If you had to pay for advice – would you pay for judgement or luck?
Con Keating makes an important point in response to my blog, in denial and in disgust
it is required by statute to retain an investment advisor. It is not so much that clients want to work with consultants but that they have to work with one or another. This needs to be changed.
Michael Johnson has today called for 80% of the fund management industry to be considered redundant. I do not disagree with his argument. But it ignores Con Keating’s point. You cannot simultaneously make 80% of investment consultants redundant without putting yourself the wrong side of the law.
This seems the single strongest argument for referring investment consultants to the competition and markets authority. Johnson may not know of the requirement on pension scheme trustees which might explain his comment
“It is not clear how (a referral to the CMA) would help”.
One alternative to a referral is to change the law and give trustees the freedom to take decisions by themselves with regulatory and commercial impunity. But the FCA report paints no more optimistic picture of trustee competence than the OFT did of employer’s capabilities with workplace pensions.
Experts are needed to advise on and help deliver diversification and ensure liquidity (as Johnson points out), but these experts are not embedded in most occupational pension schemes or other fiduciary structures in the UK.
Another alternative is to follow the PLSA’s recommendation to collapse occupational schemes into large pools which can be managed with the interests of all in mind. This is what Johnson wants too and he spends much of his paper praising the Department of Communities and Local Government for its leadership in bringing Local Government Pension Schemes in just such structures.
The difficulty of extending the LGPS pooling model to private schemes is inherent in the terms “public and private”. Public pensions are heterogenous in benefit structure and in sponsor (we the tax-payer pick up a general tab). Private schemes have different benefit promises and each sponsor is different both in its capacity to support the future promises of the pension scheme.
The logical argument for Michael Johnson , would be to nationalise pensions and place the burden for private defined benefits in one great pool (under the management of Government agents such as the PPF). This may be a step too far for a right leaning think-tank like the Centre for Policy Studies, but there are some sane experts calling for a “living PPF”.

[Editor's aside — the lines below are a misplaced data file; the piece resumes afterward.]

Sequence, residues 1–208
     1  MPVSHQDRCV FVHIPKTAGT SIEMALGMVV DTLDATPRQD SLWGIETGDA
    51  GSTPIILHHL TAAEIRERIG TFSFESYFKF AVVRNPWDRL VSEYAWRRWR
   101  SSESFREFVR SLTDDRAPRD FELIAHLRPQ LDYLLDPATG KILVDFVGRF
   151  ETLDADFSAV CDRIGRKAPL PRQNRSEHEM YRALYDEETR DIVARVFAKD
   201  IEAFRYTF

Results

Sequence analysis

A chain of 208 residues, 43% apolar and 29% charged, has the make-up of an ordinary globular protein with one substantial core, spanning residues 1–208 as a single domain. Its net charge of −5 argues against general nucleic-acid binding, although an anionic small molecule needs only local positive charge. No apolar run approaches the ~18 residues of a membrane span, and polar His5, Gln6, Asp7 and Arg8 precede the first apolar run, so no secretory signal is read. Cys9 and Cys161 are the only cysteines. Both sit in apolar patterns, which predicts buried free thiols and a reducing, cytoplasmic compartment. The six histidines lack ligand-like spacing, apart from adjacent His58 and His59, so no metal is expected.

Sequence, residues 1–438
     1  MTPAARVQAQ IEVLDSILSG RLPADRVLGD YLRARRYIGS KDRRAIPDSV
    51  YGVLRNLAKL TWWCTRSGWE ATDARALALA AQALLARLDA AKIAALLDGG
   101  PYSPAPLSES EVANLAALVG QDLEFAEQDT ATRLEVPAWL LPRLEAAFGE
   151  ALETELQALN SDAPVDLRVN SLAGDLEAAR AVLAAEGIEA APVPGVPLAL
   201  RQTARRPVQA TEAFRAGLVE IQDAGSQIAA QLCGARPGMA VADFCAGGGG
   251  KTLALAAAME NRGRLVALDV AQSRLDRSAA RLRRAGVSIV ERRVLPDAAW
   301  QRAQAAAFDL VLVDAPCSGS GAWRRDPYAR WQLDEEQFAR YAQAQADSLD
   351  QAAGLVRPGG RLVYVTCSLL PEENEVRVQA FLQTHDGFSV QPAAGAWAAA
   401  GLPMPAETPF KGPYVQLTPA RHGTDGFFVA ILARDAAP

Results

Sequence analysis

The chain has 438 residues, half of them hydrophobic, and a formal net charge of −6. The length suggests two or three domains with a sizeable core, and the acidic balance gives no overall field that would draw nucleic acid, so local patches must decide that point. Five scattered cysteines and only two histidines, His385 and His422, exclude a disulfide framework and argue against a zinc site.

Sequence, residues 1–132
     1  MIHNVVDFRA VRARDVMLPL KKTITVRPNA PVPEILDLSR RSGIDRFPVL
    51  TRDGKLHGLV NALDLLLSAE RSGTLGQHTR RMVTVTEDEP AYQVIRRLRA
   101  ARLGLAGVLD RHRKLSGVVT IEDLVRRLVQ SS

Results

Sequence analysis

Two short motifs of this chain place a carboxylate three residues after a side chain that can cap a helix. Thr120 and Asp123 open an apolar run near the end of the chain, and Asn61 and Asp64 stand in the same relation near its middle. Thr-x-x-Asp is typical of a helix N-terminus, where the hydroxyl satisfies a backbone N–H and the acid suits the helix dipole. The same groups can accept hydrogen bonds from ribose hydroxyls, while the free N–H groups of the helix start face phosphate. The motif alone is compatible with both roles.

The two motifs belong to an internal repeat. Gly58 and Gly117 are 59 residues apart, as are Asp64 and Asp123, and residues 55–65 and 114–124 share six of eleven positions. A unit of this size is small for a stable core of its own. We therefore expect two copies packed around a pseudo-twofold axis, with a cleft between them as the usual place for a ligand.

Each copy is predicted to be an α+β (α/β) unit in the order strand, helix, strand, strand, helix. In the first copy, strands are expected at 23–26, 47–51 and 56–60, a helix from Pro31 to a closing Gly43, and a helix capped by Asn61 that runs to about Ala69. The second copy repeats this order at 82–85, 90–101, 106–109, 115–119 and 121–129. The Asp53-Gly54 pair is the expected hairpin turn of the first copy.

Evolution not dissolution.
Johnson argues for the dissolution of the fund management industry with 80% of its structure being dismantled and the remaining 20% targeting genuinely valuable activities.
But we don’t have to treat asset managers and investment consultants like medieval monasteries!
There is an opportunity, with a referral to the Competition and Markets Authority, to clip the wings of the fund managers and investment consultants so that they focus on the jobs that Johnson properly wants them to do.
Licenses to manage money actively, or manage managers within funds or fiduciary management agreements , can currently be obtained with virtually no regard to the value for money offered to the consumer. The CMA has powers to link the performance of those in asset management (including consultants) to results, thereby asking asset managers to underwrite their activities.
The evolution of fund managers into risk sharers suggests that they may well return to where they came from – the insurance industry.
Ironically, insurance companies initially managed funds for policyholders as a risk management activity, in the purest sense, the guaranteed endowment or annuity is a fully insured fund management activity. We now have insurance companies that take no investment risk at all and fund managers who will point to insurers (they use for distribution) as the risk takers.
Payment by judgement rather than luck
It may be that the answer that the CMA comes up with, if investment consultants are referred to them, is to make investment consultants pay linked to the outcomes of the advice they offer (or for their activities to be limited as Johnson suggests). I would support such a proposal.
I do not mean by this an “ad valorem’ approach; this means that the quantum of the reward is based on market performance with the majority of the fee payable in any market condition (a beta approach). I mean a fee based on the “alpha” of investment consultants, payable only where it can be shown that the consultants added value by judgement rather than luck.
I suspect that few asset managers or investment consultants would back themselves to consistently get paid on that basis.